August 22, Captain Palfrey reports:
At daylight fire was opened on the fort four 9-inch Dahlgrens, eight 30-pounder Parrotts, four light 12s, two 3-inch Rodmans, twelve 10-inch siege mortars, and four 8-inch siege mortars. The monitors Manhattan, Chickasaw, and Winnebago, and the captured Tennessee (eight 7-inch rifles) fired at the fort at short range, and the large rifle guns of the rest of the fleet at long range. The fire was very accurate, and the effect of the heavy shells from the navy guns, both ashore and afloat, apparently very great. After they had once got the range the fire of the mortars was admirable. The rate of fire at first was once in fifteen minutes, which slackened toward noon, and was resumed toward sundown. All our work stood well. The 9-inch guns blew out the throats of their embrasures, which were repaired without stopping their fire. * * * No artillery was fired from the fort. Two volleys of musketry were fired from the southeast salient of covered way, but this fire was silenced by our sharpshooters and a few rounds of artillery in the afternoon. Two 30-pounder Parrotts from first parallel were moved up to replace the two light 12s the two 3-inch Rodmans put in battery on their right. The men worked by daylight on the fort side of these batteries without annoyance from the fort. Orders was started from left extremity of a second parallel under direction of Lieutenant Allen, but not finished to any distance on account of the wet character of the ground. About 9 p. m. a fire broke out in the fort, and continued steadily and slowly all night. After it broke out our artillery opened upon it briskly.
August 23, Captain Palfrey reports that-
A white flag was brought out of the fort about 7 a. m. and the surrender was agreed upon to take place about 2 p. m. * * * The fire proved to be the barracks in the parade, which continued to burn all day. The damage done to the scarp by the shells of the navy was great, and the parapet was frequently torn up badly by them. No casemate arches were broken and no magazines injured. Our 3-inch rifles had broken the carriages of a 10-inch and 8-inch columbiad in front of them. The principal obstacle to overcome was the transportation from the wharf at Pilot Town, which the sand made very laborious for teams and the sand spits precarious for boats. This labor made the working parties in the trenches necessarily small. they averaged 200 men night and day, in twelve hour tours; in one instance 300.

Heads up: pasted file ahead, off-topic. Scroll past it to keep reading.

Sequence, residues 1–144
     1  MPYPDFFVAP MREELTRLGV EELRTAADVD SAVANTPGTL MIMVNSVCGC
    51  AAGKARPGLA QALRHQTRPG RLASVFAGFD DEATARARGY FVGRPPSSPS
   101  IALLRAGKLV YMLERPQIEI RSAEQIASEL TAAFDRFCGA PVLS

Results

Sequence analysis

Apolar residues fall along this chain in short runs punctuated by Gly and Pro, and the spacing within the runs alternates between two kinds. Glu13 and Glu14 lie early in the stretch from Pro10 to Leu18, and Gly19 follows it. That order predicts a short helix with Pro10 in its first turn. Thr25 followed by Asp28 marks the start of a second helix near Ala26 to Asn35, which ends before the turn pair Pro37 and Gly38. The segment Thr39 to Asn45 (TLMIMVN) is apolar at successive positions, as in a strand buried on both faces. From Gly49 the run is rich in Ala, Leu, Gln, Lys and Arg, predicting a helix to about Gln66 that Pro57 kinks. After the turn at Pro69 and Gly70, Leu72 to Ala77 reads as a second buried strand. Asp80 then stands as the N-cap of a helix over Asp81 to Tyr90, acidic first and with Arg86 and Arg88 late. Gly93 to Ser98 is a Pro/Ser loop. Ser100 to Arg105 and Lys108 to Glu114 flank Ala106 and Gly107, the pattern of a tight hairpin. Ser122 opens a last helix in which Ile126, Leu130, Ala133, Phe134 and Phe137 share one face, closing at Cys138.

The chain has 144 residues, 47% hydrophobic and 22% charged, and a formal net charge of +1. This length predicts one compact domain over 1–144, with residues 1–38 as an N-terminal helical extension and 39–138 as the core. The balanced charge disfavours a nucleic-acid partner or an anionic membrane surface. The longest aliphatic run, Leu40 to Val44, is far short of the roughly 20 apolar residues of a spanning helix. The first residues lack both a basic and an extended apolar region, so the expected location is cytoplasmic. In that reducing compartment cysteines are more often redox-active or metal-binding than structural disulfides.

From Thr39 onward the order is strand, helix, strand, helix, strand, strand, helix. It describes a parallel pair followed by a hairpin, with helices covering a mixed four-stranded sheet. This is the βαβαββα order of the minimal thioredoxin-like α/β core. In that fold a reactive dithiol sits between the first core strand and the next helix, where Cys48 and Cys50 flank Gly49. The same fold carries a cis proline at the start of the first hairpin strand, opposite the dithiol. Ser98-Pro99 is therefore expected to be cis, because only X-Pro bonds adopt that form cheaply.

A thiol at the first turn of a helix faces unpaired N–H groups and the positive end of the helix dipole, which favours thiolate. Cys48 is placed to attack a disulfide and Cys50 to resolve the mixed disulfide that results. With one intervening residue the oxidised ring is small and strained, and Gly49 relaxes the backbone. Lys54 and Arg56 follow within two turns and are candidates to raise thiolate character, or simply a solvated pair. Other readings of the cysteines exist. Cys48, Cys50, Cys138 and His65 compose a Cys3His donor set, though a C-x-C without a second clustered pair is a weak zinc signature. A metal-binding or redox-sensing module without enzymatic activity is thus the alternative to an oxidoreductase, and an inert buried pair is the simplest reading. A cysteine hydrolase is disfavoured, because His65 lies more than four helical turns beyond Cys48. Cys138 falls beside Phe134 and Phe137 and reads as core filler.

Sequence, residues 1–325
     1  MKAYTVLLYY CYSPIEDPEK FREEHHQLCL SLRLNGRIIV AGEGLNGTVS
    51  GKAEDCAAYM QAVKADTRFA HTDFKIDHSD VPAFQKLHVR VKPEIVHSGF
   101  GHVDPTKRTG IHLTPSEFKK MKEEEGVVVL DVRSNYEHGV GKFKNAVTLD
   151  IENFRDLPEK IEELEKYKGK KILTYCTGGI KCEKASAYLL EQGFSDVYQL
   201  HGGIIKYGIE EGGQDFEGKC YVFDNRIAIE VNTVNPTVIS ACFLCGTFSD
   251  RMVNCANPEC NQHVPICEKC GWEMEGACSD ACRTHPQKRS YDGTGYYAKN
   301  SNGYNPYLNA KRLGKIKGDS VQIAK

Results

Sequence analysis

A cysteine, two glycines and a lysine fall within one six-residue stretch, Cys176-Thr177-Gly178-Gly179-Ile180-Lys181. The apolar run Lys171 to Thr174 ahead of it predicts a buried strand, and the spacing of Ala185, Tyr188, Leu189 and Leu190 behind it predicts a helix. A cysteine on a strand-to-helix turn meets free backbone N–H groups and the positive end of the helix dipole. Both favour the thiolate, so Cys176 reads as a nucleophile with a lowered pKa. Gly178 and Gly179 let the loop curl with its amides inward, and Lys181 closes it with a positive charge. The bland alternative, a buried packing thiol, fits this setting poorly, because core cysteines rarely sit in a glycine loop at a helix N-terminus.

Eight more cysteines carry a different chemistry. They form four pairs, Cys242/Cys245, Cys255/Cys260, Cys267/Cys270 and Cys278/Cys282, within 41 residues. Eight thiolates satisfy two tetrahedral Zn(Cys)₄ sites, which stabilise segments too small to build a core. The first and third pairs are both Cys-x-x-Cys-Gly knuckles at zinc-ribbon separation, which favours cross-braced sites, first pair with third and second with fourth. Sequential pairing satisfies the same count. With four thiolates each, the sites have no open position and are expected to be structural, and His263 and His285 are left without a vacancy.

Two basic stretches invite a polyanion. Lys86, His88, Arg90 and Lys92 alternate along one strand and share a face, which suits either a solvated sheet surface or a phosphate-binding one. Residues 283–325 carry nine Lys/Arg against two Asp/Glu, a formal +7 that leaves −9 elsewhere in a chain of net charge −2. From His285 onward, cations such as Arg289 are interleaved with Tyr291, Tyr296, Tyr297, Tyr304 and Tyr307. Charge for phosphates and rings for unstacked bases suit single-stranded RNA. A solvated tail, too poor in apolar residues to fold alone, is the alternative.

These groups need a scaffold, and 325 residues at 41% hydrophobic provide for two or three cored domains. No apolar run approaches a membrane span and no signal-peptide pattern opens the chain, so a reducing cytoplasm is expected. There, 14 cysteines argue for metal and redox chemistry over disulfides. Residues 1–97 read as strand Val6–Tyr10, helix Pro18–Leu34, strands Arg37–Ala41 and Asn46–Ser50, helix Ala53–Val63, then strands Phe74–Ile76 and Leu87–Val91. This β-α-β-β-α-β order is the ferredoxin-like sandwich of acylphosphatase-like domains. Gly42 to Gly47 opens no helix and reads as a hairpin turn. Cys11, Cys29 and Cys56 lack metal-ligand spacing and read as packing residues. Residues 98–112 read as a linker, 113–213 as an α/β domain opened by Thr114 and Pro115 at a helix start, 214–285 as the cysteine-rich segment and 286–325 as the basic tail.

I made a thorough examination of the fort between the 27th and 31st of August, before anything had been disturbed subsequent to the surrender. The inclosed tracing (marked B*), copied from a captured rebel drawing, indicates the tow principal changes made by the rebels, I presume, from the original arrangements as laid down upon the drawings furnished by the Engineer Department, viz, the masking of the casemates of curtains 4 and 5, and the exterior water battery added. I found the armament somewhat different from that indicated on the tracing-not very materially, however. It is seen that sixteen guns (counting those on the retired flank at light- house) bear on the land approaches. There were no guns in embrasures and no parados, the width of terre-plein not permitting the latter. The guns were pretty well protected by traverses against fire from the water but not from the land. The non- destruction of the barracks in parade, as a preparation for siege, indicates that if a land attack was expected at al, it was not expected to involve vertical fire. The garrison did very little work after the opening of our trenches, and although the work was in a feeble condition to resist a land attack, it is my opinion that the defense was not conducted up to its capacity, such as it was. It is, I think, legitimate to suppose that the garrison was somewhat demoralized by the successful passage in of the fleet and the rapid fall of the other two forts, Powell and Gaines. Twelve of the barbette guns were disabled, some had trunnions knocked off and carriages broken by our 30-pounder Parrotts; some their carriages picked to pieces by our 3-inch rifles; the others had carriages smashed by mortar shells and by the navy (Dahl-